Darby and Joan (1920 film)

Darby and Joan is a 1920 British drama film directed by Percy Nash and starring Derwent Hall Caine, Leal Douglas, Ivy Close, Meggie Albanesi and George Wynn.[1] The screenplay was written by the novelist Hall Caine and set on the Isle of Man.

Darby and Joan
Darby and Joan (1920) -3.png
Derwent Hall Caine, as Patrick Gorry, shows Leal Douglas, as his mother, the cup he won
Directed byPercy Nash
Written byHall Caine
Produced byMaurice Elvey
StarringDerwent Hall Caine
Leal Douglas
Ivy Close
Meggie Albanesi
George Wynne
Master Film Company
Release date
September 1920
Running time
10 reels
6000 feet 180 minutes
CountryUnited Kingdom
English intertitles


Sir Patrick and Lady Gorry sit by the fireside, and turning the pages of an old album, recall their past life. As a boy Patrick's mother, a widow, kept the mill in a small village in the Isle of Man. Sayle Moore, a large landowner, diverted the mill stream to create an artificial lake in his grounds, robbing the widow of her means of earning a living and bringing poverty to the Gorry's house. Mrs. Gorry and her son Patrick were left nearly destitute and in her heart there grew a great bitterness. She opened a small shop and earned enough for her son's education. One night Mrs. Gorry made her son kneel down and swear vengeance on Sayle Moore. Moore had a daughter of whom he was fond. Patrick Gorry and Sheila Moore fell in love. Their parents would not agree to the marriage, particularly as Patrick has to stand trial on a charge of manslaughter, of which he is acquitted. The young couple married without consent and moved to London where Patrick reads for the bar to which he is called. After a long struggle with poverty he rises in his profession, becoming a judge.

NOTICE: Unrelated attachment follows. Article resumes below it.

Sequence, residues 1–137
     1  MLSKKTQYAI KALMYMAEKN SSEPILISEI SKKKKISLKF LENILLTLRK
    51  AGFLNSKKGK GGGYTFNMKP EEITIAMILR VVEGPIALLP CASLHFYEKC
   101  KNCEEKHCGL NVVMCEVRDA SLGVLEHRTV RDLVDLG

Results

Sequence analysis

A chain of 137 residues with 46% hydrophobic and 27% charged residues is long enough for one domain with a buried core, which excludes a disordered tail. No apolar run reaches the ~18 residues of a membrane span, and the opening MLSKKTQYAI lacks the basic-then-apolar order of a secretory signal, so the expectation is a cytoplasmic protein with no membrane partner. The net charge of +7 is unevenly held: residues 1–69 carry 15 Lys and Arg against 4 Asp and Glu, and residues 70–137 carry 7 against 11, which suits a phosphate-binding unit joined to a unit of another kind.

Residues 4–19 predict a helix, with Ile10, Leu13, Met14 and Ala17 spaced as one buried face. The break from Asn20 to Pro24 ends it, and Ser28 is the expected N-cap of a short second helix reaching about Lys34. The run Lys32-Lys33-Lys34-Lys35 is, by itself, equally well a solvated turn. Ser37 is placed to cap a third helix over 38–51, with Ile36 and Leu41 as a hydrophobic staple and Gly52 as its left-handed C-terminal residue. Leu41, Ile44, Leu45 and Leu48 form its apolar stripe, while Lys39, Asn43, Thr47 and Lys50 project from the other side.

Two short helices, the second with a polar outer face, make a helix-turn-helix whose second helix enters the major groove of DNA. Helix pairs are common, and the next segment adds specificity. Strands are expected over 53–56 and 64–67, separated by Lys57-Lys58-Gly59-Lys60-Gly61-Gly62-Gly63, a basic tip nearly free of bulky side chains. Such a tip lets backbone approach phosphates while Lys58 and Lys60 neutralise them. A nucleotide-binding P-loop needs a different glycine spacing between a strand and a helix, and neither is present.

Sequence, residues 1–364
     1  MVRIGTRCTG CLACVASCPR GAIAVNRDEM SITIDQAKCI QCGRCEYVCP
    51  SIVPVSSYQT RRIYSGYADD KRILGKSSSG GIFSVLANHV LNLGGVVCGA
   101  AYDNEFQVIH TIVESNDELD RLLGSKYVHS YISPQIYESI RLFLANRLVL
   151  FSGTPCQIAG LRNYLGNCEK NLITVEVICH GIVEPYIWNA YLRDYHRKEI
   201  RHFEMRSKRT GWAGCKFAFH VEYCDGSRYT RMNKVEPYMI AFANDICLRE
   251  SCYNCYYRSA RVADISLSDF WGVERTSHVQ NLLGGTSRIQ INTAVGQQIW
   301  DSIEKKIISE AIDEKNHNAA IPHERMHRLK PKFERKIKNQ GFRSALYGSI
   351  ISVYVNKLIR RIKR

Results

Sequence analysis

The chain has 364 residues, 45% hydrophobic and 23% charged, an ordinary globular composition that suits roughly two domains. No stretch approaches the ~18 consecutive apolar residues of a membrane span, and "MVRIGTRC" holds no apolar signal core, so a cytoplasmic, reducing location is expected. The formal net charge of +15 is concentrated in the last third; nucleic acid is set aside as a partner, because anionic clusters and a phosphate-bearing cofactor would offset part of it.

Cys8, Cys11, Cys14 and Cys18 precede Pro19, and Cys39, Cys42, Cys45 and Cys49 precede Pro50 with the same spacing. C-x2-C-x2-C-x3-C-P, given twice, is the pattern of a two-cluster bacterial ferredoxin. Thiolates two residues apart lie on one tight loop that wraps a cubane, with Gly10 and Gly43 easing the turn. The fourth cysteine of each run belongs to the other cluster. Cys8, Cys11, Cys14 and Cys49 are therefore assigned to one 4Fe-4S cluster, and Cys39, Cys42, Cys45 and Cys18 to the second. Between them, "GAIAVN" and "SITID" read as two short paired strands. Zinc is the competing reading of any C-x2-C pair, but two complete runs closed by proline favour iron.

Moore came to see Patrick, and wanted to adopt his little son, but the parents would not consent. Later the little boy was accidentally killed by his grandfather's carriage. The years passed on and Patrick was made a Judge. As a Judge he had to try the case of the man who in his early years had victimised the Gorry family. Patrick has the opportunity of securing the acquittal of the youth to whom his daughter is engaged, who like himself, has to stand in the dock to answer a charge of murder. They are only reconciled to their parents at the end of Sayle Moore's life, but have the satisfaction of assisting Mrs. Gorry in her declining years.[2][3]



  1. ^ "Darby and Joan (1920)". BFI.
  2. ^ "Amusements". Darling Downs Gazette. No. 9318. Queensland, Australia. 10 March 1921. p. 3. Retrieved 6 January 2018 – via National Library of Australia.   This article incorporates text from this source, which is in the public domain.
  3. ^ "Darby and Joan". The Bioscope supplement. 23 October 1919. p. xiii.   This article incorporates text from this source, which is in the public domain.

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